Facebook to spend $1.6 billion constructing two U.S. data centers
By KHL editorial staffApril 06, 2022
Meta, the parent company of Facebook, has launched two new data center projects in Texas and Missouri, for a combined cost of approximately $1.6 billion.
The facility in Texas will total approximately 900,000 square feet, while the data center in Missouri will total nearly one million square feet.
Kansas City-based J.E. Dunn Construction Group and New York City-based Turner Construction are reported to be the general contractors for each project, respectively.
The Texas data center will be the company’s 21st data center worldwide, with 17 of those in the U.S. Facebook’s total investment in U.S. data center construction and operations is estimated at approximately $16 billion.
The building of data centers is one of the biggest trends in construction. A report by Insight Partners valued the international data center construction market at $43 billion, and predicted that it would rise to $92 billion by 2025.
“The fulfillment market is red-hot; ecommerce is red-hot; data centers are-red hot,” said Dr. Anirban Basu, chief economist with Associated Builders and Contractors (ABC) last summer. “Modernizing and upgrading those buildings will be key [going forward].”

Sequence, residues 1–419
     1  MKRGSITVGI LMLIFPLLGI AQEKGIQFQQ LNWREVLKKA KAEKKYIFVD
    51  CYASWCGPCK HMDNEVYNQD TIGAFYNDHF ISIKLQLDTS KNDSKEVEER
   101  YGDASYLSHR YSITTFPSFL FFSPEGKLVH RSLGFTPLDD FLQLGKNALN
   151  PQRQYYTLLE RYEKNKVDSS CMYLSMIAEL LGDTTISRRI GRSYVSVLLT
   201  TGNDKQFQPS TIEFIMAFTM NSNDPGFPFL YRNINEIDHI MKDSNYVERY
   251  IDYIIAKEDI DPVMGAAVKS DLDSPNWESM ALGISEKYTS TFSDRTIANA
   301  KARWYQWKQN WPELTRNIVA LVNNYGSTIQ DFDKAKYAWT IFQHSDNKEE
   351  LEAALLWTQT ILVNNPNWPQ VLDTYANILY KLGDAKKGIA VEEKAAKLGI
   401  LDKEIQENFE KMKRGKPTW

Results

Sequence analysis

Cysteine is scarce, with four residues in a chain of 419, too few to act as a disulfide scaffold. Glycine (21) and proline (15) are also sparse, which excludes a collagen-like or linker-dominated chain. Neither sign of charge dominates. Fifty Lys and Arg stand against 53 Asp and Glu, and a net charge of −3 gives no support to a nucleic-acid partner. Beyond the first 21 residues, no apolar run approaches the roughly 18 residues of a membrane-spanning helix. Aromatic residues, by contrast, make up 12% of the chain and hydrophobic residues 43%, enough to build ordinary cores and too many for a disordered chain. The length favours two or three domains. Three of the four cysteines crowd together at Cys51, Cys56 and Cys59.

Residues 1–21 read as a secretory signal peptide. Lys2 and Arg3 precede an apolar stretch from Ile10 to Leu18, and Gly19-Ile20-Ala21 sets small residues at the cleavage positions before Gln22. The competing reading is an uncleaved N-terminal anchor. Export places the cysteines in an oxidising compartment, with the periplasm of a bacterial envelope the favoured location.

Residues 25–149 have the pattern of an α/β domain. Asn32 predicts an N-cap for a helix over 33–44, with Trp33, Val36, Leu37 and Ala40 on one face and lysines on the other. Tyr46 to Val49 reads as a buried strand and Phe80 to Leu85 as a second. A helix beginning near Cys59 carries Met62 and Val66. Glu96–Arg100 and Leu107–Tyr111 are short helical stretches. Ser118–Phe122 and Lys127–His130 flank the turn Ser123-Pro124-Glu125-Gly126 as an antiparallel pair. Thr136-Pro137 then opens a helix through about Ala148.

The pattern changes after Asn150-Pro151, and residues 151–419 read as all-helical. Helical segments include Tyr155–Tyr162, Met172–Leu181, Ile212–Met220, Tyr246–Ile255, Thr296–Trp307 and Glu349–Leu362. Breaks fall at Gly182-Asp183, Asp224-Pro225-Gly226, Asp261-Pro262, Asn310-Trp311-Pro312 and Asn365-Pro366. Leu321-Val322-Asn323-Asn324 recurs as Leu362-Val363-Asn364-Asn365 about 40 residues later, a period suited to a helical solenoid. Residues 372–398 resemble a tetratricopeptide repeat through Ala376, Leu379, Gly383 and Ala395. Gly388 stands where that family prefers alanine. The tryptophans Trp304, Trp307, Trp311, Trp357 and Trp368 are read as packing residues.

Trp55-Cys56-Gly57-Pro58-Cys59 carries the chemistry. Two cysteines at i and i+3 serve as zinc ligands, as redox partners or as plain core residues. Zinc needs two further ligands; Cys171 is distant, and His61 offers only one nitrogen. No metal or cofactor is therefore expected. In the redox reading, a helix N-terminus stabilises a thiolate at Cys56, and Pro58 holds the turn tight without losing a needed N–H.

According to the Office of Energy Efficiency & Renewable Energy, the U.S. was home to approximately 3 million data centers, facilities that house servers and are integral to our information infrastructure, in 2014 – a number that’s increased over the past seven years.
In 2021, with companies such as Google and Amazon tallying so many, both large and small, there’s no official count, according to a recent report by marketing research company Accountability Information Management, Inc. (AIM).
AIM’s research also showed that there are plenty of opportunities to break into the data center construction market outside of the big-name tech companies.
“You’d think that when you say you want to penetrate the data center market, you’re always looking at Google or Facebook or Microsoft, but that’s not true,” said AIM president Jim Nowakowski. “Do you seek the volume owner or the almost-impossible-to-penetrate big boys? It’s amazing what you see when you look carefully at data.”